Lessons from a Father’s Day Card: Blott en Dag

Most of the blogs thus far have introduced the book, Fear and Wonder, to be published by Moody Publishers. Today my heart is both heavy with uncertainties and filled with anticipation. So please sit with me on the swing as an old, soon to be 74 year old, reminisces. That’s what old men do best.

I attempted to make a video blog but was not pleased with the quality. Perhaps it was looking at my gray head and a very noticeable crooked mouth.

First let me explain the opening words above: Blott en Dag. No, they are not a typo but the title of a wonderful hymn I was introduced to while a student at Moody Bible Institute in Miss Turner’s Introduction to Missions Class.

Blott en Dag are the Swedish words translated Day by Day, a song composed by Carolina Sandell Berg in 1865. The lyrics were influenced by the drowning death of her father, a Lutheran Pastor in Sweden as his daughter watched him die. Carolina composed many hymns and was compared to the American composer, Fanny Crosby.

In my research for the story behind Day by Day I discovered she had also written the words to “Children of the Heavenly Father.” That song was sung at my father’s memorial service three years ago. It was a tune Dad hummed over and over again. His grandchildren and great grandchildren remember Dad adding his own lyrics to the tune.

The focus of the video was the Father’s Day card Mary gave me. Usually greeting cards are just that to me- a quaint greeting. I read them but soon the lyrics on the card are forgotten along with the card in the recycling bin. But this Father’s Day card was different. So different that it still lies open on my desk to read and re-read. That’s what I wish to share with you on the swing today.

Mary chooses cards carefully searching for just the right words. She will underline a key word for phrase for emphasis. Every word in my Father’s Day card was underlined- two had been underlined three and even four times.

Before I share this special greeting card I want to emphasize how much deeper our relationship has grown after 52 years of sharing life together for better or worse. Fifty-two years sounds like a long time. It is! After 52 years, we share so many memories together.

A wise man once said the secret of a long and intimate marriage comes down to two choices: Choose to lower your expectations and to raise you commitment. Marriage doesn’t work well if it is all about being served and pleased. Rather it is choosing to value the other person and seek to bless them.

One more thing before sharing the lyrics on the card and in the song. Many of you know that I was severely injured in 1984 when scaffolding collapsed during construction of the new Powellhurst Baptist Church building in Portland. I was hospitalized six weeks, lying in a body cast with both legs and one arm in a cast. Mary was the first person I saw every morning for six weeks- often peeking her head in the door of my room before dawn. She was the last to leave after visiting hours. During five months recovering at home she served me day and night. Never a complaint though she was exhausted. Yes, it was what she had promised in our wedding vows, but she served unselfishly because she loved me.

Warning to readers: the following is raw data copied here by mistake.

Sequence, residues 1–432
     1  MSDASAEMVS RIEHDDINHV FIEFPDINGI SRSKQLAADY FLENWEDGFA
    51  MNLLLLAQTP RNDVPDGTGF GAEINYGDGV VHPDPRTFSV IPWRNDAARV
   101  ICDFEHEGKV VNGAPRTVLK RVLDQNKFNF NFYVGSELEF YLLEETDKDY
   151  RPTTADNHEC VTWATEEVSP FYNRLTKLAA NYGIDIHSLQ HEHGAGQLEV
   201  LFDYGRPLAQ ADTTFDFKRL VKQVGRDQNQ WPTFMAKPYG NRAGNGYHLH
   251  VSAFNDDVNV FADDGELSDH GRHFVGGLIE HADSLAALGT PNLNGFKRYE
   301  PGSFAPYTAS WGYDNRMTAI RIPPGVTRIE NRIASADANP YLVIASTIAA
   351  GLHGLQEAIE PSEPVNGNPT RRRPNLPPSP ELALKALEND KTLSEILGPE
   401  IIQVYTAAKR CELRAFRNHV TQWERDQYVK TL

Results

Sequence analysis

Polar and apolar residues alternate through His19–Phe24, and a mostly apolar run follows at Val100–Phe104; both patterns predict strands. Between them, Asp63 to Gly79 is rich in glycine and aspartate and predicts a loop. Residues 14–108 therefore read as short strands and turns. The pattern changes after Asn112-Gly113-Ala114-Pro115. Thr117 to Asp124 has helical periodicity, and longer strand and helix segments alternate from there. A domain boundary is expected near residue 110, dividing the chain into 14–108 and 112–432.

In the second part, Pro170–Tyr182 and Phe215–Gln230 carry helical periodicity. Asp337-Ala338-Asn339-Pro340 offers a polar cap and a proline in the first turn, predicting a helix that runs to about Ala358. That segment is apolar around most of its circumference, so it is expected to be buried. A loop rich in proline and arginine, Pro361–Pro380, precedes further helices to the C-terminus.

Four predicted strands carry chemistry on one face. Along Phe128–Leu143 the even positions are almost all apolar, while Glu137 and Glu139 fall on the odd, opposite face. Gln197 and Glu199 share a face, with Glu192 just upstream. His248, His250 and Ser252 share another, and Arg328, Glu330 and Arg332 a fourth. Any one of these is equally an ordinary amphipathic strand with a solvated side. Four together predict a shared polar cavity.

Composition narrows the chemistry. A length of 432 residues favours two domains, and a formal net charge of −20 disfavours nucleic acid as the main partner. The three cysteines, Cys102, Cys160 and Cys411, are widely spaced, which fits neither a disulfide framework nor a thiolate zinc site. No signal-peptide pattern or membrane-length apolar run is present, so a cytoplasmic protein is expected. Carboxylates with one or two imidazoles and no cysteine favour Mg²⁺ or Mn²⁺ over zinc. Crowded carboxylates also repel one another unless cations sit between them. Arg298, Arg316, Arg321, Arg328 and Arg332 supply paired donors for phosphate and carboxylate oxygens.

Since August 1984 I have struggled as a result of the accident. Complications from the fall have accelerated in the past year with the result I am losing strength in my left leg due to spinal nerve damage. I need to pull myself upstairs with my arms, and I don’t like it. I don’t like reversing rolls with Mary so that she does things I used to be able to do.

Jim, a friend here in Bend, asked what I saw in the future. My response was “a wheelchair.” He asked how to pray for me. My response was that I would face the physical deterioration with gracefulness and gratefulness. That is not my default position. No, I prefer to complain. After all, I am a “the glass is half-empty-kind-of-guy.”

Oh yes, the card.

Forgive an old man for sharing about his aches and pains and memory loss. However, my intent was not to raise sympathy but to introduce a greeting card from the woman I have come to love more deeply than I ever dreamed possible. Here’s my Father’s Day card with every word underlined:

“My Husband My Love.You’re not only the one I love with all my heart,

you’re my closest friend as well, My partner in all things.

I have such faith in the love we share, and I know we can make the best of whatever life brings our way, as long as we’re together.

So blessed you’re in my life. Happy Father’s Day.

I love you!! Mary

As I read the card I caught the message behind each word. As we face an uncertain future we are stronger together. Mary underlined “whatever” three times. “Together” was underlined not three but four times.

Solomon nailed it, “Two are better than one… if one falls his friend can help him up.”

I realize you are busy, but please linger a moment while I share the first verse from a hymn that I find myself singing to myself frequently these day. (Yes, old men talk to themselves so why not sing?)

Day by Day

Day by day and with each passing moment, strength I find to meet my trials here;

Trusting in my Father’s wise bestowment, I’ve no cause for worry or for fear.

He whose heart is kind beyond all measure gives unto each what He deems best-

Lovingly, its part of pain and pleasure, mingling toil with peace and rest.

Blott en Dag, by Carolina Sandell Berg, 1865- Public Domain

Here is a Website so you can also enjoy the lyrics and melody of Day by Day:

How much more do the last words of the third verse resonate in my heart today: “One by one the days, the moments fleeting, till I reach the promised land.”